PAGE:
California parents who are no longer connected through intimate relationships with each other but merely interact as necessary regarding their children often have court decrees that address the terms of their parenting plans. While the court may take parents' opinions into consideration on child custody or child support matters, once it issues a decree, all involved parties must adhere to the court's order, whether they like it or not. If one parent, for instance, refuses to pay child support that the court has ordered, he or she will likely face serious legal problems.
A man known as the taxi king in another state understands this type of situation all too well. In fact, he was recently led out of a courtroom in handcuffs. The four police officers escorting him were taking him to his new, temporary residence -- a jail cell. The man is a taxi cab business owner (who has also faced legal problems regarding his business) who is the father of two children. It was his 14-year-old son's mother who sought justice for his alleged refusal to pay child support.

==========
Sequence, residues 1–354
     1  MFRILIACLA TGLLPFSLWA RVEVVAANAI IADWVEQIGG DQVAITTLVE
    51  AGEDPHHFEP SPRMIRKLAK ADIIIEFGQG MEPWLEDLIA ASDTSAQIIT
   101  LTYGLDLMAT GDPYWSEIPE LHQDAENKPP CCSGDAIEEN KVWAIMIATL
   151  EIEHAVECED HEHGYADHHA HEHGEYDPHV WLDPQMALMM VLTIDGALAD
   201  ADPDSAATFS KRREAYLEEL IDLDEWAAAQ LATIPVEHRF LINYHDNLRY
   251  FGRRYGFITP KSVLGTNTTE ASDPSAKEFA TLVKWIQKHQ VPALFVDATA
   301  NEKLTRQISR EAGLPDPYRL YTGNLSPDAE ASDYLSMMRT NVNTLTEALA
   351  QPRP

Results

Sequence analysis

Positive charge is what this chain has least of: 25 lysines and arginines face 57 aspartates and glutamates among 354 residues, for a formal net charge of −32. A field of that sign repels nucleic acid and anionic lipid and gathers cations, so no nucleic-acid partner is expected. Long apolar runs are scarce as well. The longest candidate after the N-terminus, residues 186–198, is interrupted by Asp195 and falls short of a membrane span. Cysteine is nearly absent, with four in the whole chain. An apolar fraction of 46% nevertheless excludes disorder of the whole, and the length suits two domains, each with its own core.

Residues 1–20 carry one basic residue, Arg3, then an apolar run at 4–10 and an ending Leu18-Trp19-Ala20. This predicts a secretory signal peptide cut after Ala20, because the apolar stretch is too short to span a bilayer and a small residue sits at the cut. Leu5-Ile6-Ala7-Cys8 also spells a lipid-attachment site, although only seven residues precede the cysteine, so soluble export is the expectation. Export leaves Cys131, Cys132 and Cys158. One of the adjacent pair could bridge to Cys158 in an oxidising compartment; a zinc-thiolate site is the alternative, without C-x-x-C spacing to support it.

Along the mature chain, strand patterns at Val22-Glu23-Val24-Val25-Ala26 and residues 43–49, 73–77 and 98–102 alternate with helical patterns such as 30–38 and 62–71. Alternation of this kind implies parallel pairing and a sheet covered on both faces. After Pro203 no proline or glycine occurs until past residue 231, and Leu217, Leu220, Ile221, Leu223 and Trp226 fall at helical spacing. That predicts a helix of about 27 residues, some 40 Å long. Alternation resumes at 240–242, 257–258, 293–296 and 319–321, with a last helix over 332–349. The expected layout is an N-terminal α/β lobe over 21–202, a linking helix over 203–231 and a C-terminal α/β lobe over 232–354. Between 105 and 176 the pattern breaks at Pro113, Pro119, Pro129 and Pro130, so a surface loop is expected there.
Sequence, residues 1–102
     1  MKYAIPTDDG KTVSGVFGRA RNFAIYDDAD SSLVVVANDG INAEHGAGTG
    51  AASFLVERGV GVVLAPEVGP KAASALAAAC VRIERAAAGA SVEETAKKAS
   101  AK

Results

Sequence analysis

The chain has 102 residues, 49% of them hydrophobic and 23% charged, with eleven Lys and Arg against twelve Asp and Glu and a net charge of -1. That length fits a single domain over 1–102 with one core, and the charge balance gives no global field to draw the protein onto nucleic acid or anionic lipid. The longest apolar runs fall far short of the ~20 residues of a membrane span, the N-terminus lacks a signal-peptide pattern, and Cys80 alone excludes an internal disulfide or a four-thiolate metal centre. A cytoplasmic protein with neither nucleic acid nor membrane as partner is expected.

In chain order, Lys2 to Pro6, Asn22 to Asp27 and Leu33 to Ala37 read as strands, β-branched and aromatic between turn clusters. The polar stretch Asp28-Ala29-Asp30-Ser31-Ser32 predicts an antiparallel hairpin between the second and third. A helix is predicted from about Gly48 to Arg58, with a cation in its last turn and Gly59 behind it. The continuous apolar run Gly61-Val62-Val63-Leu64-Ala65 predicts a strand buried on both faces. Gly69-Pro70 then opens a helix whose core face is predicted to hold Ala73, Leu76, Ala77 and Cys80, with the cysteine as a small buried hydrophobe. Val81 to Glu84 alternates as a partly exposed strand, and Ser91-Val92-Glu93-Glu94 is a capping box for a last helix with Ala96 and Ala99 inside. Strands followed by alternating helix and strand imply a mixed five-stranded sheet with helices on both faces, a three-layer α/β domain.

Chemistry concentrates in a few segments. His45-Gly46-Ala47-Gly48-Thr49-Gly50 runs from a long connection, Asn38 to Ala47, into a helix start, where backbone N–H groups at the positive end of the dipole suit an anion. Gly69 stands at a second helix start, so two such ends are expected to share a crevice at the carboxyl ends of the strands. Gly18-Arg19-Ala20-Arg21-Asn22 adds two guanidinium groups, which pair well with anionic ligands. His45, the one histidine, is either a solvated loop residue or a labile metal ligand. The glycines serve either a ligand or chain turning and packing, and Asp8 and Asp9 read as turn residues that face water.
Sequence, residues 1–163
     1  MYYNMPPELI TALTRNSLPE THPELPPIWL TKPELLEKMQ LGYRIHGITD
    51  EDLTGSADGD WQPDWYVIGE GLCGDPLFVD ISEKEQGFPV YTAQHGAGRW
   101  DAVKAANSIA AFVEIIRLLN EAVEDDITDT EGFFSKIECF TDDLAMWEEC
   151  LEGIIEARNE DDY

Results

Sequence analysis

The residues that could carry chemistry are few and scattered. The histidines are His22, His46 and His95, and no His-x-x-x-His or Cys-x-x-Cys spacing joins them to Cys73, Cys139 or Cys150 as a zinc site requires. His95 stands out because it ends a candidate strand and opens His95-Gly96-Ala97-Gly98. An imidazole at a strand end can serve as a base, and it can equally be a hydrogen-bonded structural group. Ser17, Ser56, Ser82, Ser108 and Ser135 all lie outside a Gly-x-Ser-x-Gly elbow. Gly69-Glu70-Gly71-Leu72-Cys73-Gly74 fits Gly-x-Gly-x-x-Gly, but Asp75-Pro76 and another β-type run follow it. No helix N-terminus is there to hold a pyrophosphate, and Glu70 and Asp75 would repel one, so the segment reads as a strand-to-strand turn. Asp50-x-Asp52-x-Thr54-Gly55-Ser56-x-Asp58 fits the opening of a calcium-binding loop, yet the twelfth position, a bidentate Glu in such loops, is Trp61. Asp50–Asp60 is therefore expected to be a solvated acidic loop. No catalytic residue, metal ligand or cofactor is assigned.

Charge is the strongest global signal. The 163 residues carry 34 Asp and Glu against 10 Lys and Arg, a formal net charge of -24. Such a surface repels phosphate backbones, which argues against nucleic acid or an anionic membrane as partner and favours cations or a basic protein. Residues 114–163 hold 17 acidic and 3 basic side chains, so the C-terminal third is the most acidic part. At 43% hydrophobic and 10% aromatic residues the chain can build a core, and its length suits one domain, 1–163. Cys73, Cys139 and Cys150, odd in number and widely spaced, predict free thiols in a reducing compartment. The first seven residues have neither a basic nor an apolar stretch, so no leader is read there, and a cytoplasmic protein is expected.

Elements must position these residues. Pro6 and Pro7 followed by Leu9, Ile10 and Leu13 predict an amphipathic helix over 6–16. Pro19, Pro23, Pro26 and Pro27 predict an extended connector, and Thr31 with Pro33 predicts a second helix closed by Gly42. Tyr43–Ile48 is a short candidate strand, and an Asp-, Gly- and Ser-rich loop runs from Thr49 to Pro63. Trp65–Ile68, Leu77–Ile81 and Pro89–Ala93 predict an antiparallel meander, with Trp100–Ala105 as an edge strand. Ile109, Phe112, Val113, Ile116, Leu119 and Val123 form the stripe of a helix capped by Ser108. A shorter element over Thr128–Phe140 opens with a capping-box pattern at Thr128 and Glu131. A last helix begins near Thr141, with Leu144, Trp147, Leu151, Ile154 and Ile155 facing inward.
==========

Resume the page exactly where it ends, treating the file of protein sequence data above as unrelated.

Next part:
As the man was exiting the courtroom, he is said to have lamented his situation to the judge, saying he was not aware that he owed the money, and if he had been, he would have merely brought a checkbook to court to satisfy the debt. The judge apparently did not look favorably on his behavior and ordered the man to jail to await his sentencing. He may spend up to six months in jail for owing $100,000 of support money.
The same man recently pleaded guilty to tax evasion to the tune of $50,000. If a California parent accused of not paying child support can show the court evidence that a clerical error has been made, it may mean the difference between resolving the situation outside a jail cell or facing serious penalties. A parent who is unable to meet the existing terms of a court order for child support may petition the court for modification of the order but must adhere to its terms unless and until such modification is granted.